• Spatial use of warm-season food plots by white-tailed deer

      Bonner, J. P.; Fulbright, T. E. (Society for Range Management, 1999-01-01)
      White-tailed deer (Odocoileus virginianus Zimm.) appear to concentrate foraging activity along the perimeters of warm-season food plots. Because of this, we tested the hypothesis that (1) providing travel lanes (i.e., rows not planted) free of vegetation within food plots will increase deer use of the plots and result in an equal spatial distribution of forage use within the plots, and (2) skip-row planting will result in increased yield and survival of lablab (Dolichos Lablab L.), an annual legume. During 1994 and 1995, lablab was established by planting (1) every row spaced 0.9 m apart (solid), (2) 2 rows and not planting 1 row (skip 1), and (3) 2 rows and not planting 2 rows (skip 2) in two 5-ha food plots. Planting scheme did not affect spatial patterns of food plot use by deer. Utilization was concentrated at food plot perimeters on 9 of 15 sampling dates. Food plot utilization by deer was greater in skip 2 treatments only during August 1995, possibly as a result of greater forage availability resulting from greater plant survival than solid rows. Deer foraging in food plots apparently shifted foraging activities to an area of greater forage availability as the resource supply was depleted. Skip-row planting had lower overall planting costs/ha than solid planting but maintained similar forage production per hectare.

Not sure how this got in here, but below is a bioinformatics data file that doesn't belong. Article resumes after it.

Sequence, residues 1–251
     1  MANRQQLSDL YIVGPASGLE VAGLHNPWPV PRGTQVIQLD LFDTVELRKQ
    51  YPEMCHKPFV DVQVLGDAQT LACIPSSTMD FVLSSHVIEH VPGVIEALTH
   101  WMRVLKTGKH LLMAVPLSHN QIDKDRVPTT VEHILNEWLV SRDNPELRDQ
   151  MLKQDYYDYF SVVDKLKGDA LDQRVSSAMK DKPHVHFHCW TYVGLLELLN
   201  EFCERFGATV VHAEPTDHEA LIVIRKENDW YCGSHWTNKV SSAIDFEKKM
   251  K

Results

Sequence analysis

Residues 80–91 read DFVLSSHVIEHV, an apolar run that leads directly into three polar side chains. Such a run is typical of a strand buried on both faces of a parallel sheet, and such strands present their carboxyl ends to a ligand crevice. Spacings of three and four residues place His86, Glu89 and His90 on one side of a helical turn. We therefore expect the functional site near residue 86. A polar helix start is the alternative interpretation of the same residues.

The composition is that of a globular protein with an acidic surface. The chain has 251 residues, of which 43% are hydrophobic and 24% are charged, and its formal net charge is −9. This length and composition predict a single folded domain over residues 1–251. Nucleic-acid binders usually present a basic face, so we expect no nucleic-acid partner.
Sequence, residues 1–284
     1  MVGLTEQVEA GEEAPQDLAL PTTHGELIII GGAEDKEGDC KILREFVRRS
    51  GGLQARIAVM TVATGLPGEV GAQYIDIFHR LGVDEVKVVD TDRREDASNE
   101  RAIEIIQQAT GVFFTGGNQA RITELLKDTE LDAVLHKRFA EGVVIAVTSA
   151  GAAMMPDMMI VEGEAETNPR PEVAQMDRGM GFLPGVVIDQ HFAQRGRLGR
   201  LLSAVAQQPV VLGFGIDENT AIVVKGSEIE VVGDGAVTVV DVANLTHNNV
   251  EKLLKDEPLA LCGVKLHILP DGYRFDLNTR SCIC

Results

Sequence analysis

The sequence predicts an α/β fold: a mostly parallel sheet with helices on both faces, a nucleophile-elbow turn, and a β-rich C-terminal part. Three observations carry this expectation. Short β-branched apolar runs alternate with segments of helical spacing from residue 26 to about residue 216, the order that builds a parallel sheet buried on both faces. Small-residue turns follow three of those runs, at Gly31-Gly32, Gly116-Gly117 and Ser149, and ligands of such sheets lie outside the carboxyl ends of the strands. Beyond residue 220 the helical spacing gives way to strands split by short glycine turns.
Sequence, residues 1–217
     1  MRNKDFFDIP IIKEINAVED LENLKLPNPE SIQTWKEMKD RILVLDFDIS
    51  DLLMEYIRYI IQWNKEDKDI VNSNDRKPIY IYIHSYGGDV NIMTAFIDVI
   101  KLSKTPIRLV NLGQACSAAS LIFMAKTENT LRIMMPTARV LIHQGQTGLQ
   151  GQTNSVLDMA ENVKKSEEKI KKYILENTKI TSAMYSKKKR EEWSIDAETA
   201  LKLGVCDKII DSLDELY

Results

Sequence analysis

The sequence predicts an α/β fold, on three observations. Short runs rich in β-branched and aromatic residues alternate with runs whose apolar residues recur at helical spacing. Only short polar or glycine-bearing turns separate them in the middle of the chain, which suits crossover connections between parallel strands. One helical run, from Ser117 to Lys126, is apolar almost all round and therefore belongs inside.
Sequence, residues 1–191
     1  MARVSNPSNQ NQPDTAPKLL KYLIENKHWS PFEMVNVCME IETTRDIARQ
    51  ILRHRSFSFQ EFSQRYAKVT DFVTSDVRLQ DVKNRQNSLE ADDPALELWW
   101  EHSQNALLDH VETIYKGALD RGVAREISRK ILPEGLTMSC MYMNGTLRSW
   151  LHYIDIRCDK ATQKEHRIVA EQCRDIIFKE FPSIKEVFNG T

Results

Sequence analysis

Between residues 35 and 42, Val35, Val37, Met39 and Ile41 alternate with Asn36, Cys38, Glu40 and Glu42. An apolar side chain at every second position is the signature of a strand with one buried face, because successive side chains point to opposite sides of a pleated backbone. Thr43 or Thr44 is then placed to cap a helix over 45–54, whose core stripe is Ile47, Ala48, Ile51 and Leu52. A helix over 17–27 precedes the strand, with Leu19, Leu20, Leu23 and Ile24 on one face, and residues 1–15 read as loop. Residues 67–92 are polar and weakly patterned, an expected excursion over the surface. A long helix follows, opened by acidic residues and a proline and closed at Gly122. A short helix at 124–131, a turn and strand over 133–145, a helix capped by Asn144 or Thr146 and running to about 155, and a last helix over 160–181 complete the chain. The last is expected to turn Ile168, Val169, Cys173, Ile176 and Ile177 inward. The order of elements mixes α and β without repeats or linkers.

• Sheep preference for leafy spurge from Idaho and North Dakota

      Kronberg, S. L.; Walker, J. W. (Society for Range Management, 1999-01-01)